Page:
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So ready to move away

By From page B5 | September 03, 2013

Dear Annie: I am a college student who is about two years from graduating. I have been living with my parents while I am in school, because it’s cheaper than living on campus.

A few years ago, I decided, for several reasons, to move from Ohio to Florida when I graduate. Although my parents have told me my entire life to do what I want to do, they are against this move. When I first told them about this decision, they thought I was just dreaming. However, as my college education is winding up, they are trying to convince me to stay. They will not let up with their reasons for me to continue to live here.

I keep telling my family that moving is not a final goodbye. They are welcome to visit anytime, and I surely will return to Ohio now and then. But this information hasn’t convinced them to stop badgering me. I don’t think I can take the pressure anymore. What do I do?

— Pressured Family

Dear Pressured: Your family wants you to stick around because they will miss you terribly if you move away. They foresee you marrying someone from Florida and raising a family there, where you will have only periodic contact. You see this as developing your independence. They see it as a permanent separation. If you can understand their underlying fear and sadness, it will help you respond more compassionately to their “badgering.” But this is your decision to make, whether or not they agree, so please have the courage of your convictions, which includes the ability to withstand the pressure.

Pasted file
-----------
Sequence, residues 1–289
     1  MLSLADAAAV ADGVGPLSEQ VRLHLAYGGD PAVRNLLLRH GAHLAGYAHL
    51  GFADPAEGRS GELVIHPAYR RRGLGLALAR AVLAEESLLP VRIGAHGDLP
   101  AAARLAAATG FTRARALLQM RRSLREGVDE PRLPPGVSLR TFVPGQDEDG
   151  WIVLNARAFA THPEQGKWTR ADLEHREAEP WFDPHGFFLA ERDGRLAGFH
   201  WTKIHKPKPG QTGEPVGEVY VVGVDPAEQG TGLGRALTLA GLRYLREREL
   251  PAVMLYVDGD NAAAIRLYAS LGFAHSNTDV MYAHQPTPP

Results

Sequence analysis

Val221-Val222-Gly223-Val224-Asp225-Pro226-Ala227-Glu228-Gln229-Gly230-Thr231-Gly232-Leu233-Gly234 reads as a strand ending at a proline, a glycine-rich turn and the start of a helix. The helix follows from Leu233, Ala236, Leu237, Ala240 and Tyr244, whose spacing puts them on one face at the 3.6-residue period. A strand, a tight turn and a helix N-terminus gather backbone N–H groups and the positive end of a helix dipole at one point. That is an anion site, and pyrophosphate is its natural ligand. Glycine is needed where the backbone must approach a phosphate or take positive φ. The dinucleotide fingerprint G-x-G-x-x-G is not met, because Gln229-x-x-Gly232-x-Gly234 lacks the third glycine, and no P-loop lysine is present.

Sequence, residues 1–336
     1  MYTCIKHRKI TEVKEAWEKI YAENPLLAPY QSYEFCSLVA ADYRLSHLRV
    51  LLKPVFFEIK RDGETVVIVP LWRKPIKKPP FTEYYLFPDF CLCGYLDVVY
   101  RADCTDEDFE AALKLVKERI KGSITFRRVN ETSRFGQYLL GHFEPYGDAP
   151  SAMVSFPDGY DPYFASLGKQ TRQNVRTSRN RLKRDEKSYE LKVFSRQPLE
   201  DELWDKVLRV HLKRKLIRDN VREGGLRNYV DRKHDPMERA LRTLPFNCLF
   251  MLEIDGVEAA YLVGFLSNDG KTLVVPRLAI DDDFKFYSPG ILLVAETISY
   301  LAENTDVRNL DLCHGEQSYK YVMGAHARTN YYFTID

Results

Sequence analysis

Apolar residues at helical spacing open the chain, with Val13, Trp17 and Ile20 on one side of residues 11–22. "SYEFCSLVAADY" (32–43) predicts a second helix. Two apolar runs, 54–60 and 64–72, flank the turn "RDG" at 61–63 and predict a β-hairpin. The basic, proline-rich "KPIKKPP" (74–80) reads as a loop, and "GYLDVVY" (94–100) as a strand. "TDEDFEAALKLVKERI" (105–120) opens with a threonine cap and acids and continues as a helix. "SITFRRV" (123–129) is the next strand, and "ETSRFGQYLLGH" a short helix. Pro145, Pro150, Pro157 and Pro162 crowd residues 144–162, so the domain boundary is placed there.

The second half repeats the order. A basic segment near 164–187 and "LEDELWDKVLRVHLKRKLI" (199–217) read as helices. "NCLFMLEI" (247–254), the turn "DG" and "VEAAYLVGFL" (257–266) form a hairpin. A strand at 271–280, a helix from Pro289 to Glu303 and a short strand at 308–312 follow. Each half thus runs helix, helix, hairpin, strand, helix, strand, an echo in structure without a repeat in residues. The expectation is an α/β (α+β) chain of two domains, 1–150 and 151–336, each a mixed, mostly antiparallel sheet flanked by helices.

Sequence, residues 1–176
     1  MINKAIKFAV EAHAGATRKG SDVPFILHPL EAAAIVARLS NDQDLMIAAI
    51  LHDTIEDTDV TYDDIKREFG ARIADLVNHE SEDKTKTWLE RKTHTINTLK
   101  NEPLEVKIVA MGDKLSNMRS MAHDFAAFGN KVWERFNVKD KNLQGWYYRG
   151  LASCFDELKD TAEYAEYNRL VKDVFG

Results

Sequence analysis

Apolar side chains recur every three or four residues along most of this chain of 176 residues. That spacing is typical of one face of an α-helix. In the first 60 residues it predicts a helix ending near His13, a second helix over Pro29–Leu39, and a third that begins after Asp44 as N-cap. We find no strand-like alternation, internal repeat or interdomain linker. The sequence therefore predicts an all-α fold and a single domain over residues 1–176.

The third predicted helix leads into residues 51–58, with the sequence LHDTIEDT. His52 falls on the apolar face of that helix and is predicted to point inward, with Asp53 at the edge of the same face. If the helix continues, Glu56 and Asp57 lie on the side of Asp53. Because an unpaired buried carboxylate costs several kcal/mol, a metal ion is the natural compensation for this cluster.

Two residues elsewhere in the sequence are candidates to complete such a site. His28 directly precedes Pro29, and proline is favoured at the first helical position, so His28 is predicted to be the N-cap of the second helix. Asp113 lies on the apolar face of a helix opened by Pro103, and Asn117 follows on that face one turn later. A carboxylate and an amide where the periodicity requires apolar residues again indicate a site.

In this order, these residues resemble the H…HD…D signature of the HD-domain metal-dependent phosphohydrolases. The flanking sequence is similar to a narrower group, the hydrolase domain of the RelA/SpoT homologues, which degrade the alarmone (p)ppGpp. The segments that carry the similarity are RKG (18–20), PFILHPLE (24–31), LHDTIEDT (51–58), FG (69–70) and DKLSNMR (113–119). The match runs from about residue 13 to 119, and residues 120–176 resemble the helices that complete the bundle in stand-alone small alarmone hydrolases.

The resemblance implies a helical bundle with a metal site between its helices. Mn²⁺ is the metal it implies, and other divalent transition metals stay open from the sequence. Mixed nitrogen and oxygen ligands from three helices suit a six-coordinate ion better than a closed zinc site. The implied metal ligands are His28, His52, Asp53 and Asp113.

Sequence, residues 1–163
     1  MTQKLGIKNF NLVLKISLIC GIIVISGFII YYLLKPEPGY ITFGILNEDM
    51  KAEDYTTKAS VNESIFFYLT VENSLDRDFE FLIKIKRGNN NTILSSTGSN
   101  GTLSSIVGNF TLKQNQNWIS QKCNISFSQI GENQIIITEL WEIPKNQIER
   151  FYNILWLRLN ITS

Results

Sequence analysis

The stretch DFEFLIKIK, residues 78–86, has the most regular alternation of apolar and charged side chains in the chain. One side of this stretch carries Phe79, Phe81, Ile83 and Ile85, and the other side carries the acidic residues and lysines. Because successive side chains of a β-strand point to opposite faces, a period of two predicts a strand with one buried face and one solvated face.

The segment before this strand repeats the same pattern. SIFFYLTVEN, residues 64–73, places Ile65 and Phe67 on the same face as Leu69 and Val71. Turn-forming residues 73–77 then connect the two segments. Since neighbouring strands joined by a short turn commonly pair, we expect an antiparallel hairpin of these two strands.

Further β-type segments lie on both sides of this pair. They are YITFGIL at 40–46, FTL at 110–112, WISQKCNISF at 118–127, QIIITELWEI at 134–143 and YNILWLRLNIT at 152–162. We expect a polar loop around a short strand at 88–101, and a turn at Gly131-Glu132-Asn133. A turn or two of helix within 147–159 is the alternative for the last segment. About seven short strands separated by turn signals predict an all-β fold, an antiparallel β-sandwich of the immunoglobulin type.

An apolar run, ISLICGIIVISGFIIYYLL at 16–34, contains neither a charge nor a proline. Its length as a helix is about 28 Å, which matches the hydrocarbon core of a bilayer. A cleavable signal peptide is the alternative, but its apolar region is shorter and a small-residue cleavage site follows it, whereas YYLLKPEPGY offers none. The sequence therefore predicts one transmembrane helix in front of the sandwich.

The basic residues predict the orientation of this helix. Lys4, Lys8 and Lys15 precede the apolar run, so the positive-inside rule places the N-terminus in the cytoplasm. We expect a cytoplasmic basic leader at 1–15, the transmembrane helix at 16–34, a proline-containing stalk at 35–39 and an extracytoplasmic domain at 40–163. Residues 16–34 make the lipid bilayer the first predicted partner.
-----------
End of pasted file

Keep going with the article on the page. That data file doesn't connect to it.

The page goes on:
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Dear Annie: I have an account at a local bank. Every time anyone enters the bank, a greeter meets us with good wishes, hellos and “What are your plans for the day?” The tellers chitchat with customers at the window, asking “How are you?” and “What are you doing for the holiday?”

This takes up time when people are waiting for service. How do you tell them to shut up and get the line moving when you only want to do business and get out?

— Waiting for Your Answer

Dear Waiting: Most of this friendliness does not take up as much time as you think. Employees can be both friendly and efficient. You can say hello to a greeter without stopping to tell your life story. Tellers can chat while they cash checks, enter deposits or do any number of things. It only becomes a problem if the teller cannot multitask or when the chatting continues after the transaction is finished. If you notice this happening, you should register a complaint with the bank manager.

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Dear Annie: You gave good advice to “Lonely for Friends.” I have been fortunate to make and keep many friends. Here’s my advice:

To keep friends, they must be nurtured like a garden. When you are with a potential friend:

1. Ask about them. Try not to be self-absorbed. Show interest and care when they speak.

2. Discuss books, movies, current affairs (without the politics).

3. Invite them to your home and make another date while together.

4. Send a note by email, snail mail or even text message letting them know you enjoyed being together.

5. Remember their birthday or the next big holiday.

6. Be there as a friend when life’s difficulties happen and celebrate the good times.

7. Be lighthearted and fun to be around.

To have a friend, one must be a friend. This also makes for better relations with co-workers. Friends are the chocolate chips in the cookie of life.

— A Good Friend

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Annie’s Mailbox is written by Kathy Mitchell and Marcy Sugar, longtime editors of the Ann Landers column. Email your questions to [email protected], or write to: Annie’s Mailbox, c/o Creators Syndicate, 737 3rd Street, Hermosa Beach, CA 90254. To find out more about Annie’s Mailbox and read features by other Creators Syndicate writers and cartoonists, visit the Creators Syndicate Web page at www.creators.com.

— Creators Syndicate Inc.

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